God save our country!

  • Abhijit says:

    Uday,your photos of the beach made my heart bleed silently. Even Lord Ganapati could not save his own ‘Pule’ !

    Mukherjee da.

  • Manish Khamesra says:

    Uday, I was not expecting that anyone can even describe filth so beautifully ;-)

    I like to appreciate your efforts to draw attention of all of us towards not converting our beautiful motherland in FILTH.

    • Uday says:

      Thanks Manish. Glad to note that the post is still evoking interest, even after more than three months of its being published.

      Hope it also results in some action, somewhere…



  • nandanjha says:

    Uday – In 3 months time, this post has been viewed more than twelve hundred times :-)

  • Uday says:

    Thanks Nandan – if this doesn’t inspire me to pen (rather, keyboard) my next post, then nothing else will…:)

  • tripper says:

    i have studied very near to ganapatipule in a small town devrukh which has a good engineering college…….for us enng students ganpatipule was the place to visit after exams to unwind, relax, enjoy wit friends,steal a romantic moment wit loved one,etc and before exams to pray to lord ganpati tat we might juzzz top the exams…..with foolish promises of offering to the elephant god……i didnt ever top my class but i did manage to find my life partner there…….ganpatipule becomes a mess during christmass and diwali when the sea is at its best……..early in mornin u can take a boat ride into the sea and spot dolphins…..believe me we have seen loads of them….during nov dec jan feb months….if u r a blue blooded marathi or a maharashtrian cuisine lover u have to eat misal pav and batata vada at the small tapris cum shops…next to mandir. jaigarh fort is near to ganpatipulee u can visit it also…..and its fun to enjoy at kokani huts and tents with ayurvedic massage and lazing on hammocks drinking coconut water or kokum sharbat and listening to the sound of sea…….have fond memories of this place……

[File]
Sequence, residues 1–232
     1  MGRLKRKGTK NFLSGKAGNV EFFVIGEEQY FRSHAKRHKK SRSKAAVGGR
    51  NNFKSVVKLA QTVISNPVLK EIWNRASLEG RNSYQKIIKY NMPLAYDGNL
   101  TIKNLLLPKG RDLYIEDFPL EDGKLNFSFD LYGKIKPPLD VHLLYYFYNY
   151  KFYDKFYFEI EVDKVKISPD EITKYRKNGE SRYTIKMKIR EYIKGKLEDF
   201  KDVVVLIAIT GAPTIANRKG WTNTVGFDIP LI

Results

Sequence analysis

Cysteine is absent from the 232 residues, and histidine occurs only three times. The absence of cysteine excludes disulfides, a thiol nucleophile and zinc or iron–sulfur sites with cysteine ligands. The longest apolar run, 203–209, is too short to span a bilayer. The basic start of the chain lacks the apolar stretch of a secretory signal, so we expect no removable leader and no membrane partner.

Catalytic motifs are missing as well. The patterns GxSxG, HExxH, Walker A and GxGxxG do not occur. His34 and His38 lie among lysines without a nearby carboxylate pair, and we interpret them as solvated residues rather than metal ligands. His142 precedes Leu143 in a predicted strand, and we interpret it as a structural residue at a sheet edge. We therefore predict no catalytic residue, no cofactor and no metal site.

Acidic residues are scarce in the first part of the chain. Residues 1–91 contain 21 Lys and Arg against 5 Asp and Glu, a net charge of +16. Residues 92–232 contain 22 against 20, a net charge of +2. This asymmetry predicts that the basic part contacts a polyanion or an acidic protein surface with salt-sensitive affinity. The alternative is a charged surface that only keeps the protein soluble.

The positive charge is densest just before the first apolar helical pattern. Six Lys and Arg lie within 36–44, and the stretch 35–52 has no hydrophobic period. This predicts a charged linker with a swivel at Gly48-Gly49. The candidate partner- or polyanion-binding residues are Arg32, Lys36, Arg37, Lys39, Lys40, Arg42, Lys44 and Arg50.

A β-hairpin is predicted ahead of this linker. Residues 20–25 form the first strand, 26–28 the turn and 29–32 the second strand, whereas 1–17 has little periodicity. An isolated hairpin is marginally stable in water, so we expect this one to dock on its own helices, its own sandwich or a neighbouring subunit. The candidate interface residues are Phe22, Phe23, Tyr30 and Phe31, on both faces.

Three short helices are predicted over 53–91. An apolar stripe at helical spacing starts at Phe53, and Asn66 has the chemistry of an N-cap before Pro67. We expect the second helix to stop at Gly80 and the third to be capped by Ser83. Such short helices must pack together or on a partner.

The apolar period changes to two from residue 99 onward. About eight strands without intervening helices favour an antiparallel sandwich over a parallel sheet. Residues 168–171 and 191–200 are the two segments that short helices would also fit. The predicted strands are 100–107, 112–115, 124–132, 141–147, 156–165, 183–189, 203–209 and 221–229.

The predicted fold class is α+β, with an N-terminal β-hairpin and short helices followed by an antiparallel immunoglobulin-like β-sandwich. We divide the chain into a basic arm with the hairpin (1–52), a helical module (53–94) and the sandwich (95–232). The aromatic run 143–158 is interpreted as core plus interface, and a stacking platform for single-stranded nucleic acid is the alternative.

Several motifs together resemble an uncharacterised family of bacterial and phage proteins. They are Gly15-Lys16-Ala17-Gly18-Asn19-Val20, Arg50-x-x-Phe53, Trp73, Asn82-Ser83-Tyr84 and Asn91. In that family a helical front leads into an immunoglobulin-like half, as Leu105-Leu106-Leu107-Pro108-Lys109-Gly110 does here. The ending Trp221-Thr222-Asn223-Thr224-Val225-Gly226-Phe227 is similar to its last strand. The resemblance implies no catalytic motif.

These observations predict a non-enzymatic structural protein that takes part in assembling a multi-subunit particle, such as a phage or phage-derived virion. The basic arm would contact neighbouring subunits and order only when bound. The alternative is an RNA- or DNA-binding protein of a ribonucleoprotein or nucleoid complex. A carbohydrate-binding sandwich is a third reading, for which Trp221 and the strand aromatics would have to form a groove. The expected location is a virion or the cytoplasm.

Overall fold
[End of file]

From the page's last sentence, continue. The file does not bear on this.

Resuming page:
• Payal says:

    Hey All

    I have plans to spend my this years b’day out here at Gods divine place, which would be my first visit and taking my parents too for the first time. I have plans to perform a puja on that day. Could anyone help to let me know if there is any specific dress code needed to perform puja. Had heard some one saying there is a specific saree and dhoti to be worn yet not sure.
    Look ahead to hear from some one soon.